Herbs are a delight for the senses! They provide unique fragrances and flavors, and can also be useful cosmetically and medicinally. Herbs can be annuals or perennials and are generally easy to grow.
The versatility of herbs allows them to be incorporated into flower gardens, containers, or simply planted in a bed of their own. Some can be grown indoors in a sunny window, but this depends on the herb and the conditions of your home. There are a wide variety of herbs, but many can generally be planted and cared for in the same way.
Plant herbs in well-draining soil, maintaining the same depth as it was in the original container. If planting in a garden bed, remove existing vegetation, till the soil 2-4” deep, and amend soil with compost to improve drainage. Place a thin layer of mulch around the plant to keep roots cool, retain moisture, and control weeds. Be sure not to mulch right up to the stem, instead leaving about 2 inches of space for air circulation.
If planting in a container, use potting soil, and preferably either a clay or ceramic pot, rather than plastic. The size of the pot should be no more than 2” larger in diameter than the plant’s root system, to ensure that the plant can adequately absorb moisture from the soil. When planting several herbs in one pot, try to choose plants with similar water and fertilizer needs.
Most herbs require at least 6 hours of full sun a day.
Herbs don’t tolerate sitting in water, so err on the drier side in terms of watering frequency. Avoid getting water on the foliage to prevent foliar disease.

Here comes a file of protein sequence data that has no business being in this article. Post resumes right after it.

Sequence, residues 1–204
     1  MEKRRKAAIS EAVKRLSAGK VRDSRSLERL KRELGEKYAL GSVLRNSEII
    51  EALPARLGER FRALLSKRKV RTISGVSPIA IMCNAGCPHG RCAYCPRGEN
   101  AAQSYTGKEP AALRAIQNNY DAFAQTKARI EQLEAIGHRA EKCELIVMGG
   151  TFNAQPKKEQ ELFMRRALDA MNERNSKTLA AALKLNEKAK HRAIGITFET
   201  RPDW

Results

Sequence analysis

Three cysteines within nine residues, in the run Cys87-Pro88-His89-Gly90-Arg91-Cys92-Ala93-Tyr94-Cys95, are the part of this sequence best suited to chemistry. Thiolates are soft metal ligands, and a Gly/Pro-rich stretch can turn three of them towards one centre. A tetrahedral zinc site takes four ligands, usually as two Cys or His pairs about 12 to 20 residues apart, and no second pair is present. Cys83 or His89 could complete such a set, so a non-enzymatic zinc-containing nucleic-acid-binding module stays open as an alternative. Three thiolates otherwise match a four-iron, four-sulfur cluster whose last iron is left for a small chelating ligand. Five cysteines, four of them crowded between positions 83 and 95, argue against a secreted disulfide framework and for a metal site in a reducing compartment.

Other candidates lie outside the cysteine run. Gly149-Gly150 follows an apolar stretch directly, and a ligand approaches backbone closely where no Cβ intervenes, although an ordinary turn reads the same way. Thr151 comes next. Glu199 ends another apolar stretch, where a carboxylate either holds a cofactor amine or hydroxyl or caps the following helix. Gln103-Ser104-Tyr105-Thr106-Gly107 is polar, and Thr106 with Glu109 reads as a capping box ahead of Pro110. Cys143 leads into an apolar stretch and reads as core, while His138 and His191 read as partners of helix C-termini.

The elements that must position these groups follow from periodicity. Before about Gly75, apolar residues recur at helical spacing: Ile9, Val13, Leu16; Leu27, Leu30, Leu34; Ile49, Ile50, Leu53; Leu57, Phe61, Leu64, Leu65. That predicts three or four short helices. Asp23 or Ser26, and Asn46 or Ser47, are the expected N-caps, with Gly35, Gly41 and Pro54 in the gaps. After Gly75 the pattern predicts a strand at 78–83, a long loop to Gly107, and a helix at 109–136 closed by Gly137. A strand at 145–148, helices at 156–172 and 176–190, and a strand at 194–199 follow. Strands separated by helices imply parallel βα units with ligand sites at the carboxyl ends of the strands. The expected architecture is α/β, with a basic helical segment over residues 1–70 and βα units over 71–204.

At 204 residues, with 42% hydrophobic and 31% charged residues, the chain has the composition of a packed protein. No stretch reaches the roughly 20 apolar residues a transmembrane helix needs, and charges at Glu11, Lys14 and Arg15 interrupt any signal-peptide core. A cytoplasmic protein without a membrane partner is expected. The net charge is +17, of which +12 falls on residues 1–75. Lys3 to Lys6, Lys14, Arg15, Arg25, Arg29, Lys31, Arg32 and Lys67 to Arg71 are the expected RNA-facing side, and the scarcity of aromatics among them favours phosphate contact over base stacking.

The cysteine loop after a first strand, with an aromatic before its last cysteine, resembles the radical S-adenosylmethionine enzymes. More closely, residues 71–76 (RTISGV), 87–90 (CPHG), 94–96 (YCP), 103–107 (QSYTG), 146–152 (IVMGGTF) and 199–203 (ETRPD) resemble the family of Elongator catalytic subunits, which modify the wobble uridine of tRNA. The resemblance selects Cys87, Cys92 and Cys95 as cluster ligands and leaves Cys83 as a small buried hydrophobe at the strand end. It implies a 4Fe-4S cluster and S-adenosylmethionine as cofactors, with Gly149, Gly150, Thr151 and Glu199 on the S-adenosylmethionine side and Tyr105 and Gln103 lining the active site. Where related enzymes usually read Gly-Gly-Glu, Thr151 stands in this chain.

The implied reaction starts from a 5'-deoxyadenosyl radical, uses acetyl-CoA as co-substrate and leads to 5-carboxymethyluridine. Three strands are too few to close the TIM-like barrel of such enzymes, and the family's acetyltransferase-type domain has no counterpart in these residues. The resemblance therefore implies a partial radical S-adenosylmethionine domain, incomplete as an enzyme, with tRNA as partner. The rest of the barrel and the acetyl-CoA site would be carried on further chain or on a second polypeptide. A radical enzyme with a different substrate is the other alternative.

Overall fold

Most often we use the leaves of herbs, not the flowers, so avoid using too much fertilizer or a fertilizer that encourages flowering. Fertilize with a water-soluble fertilize at half the strength recommended on the label about every 3 weeks or so. Or add a slow-release or organic fertilizer to the soil when you plant.
Many herbs benefit from frequent pinching of new growth, and will branch out. When using herbs for cooking, pinch flower buds or they will go to seed and the leaves will taste bitter. Regularly weed the garden to maintain plant health and yield.
Culinary herbs may be harvested throughout the growing season by snipping sprigs and leaves as needed. Many will contain the best flavor if harvested just before flowering. Mid-morning hours are the best time to pick herbs, as this is when oil content is highest. Keep herbs out of bright light once picked.
When using fresh, gather only what will be used each day. When drying or freezing, gather only as much as what will be dried or frozen at one time.
Herb List 2017
Drying, Preserving, & Storing Herbs
Companion Herb Planting
Herbs Attractive to Bees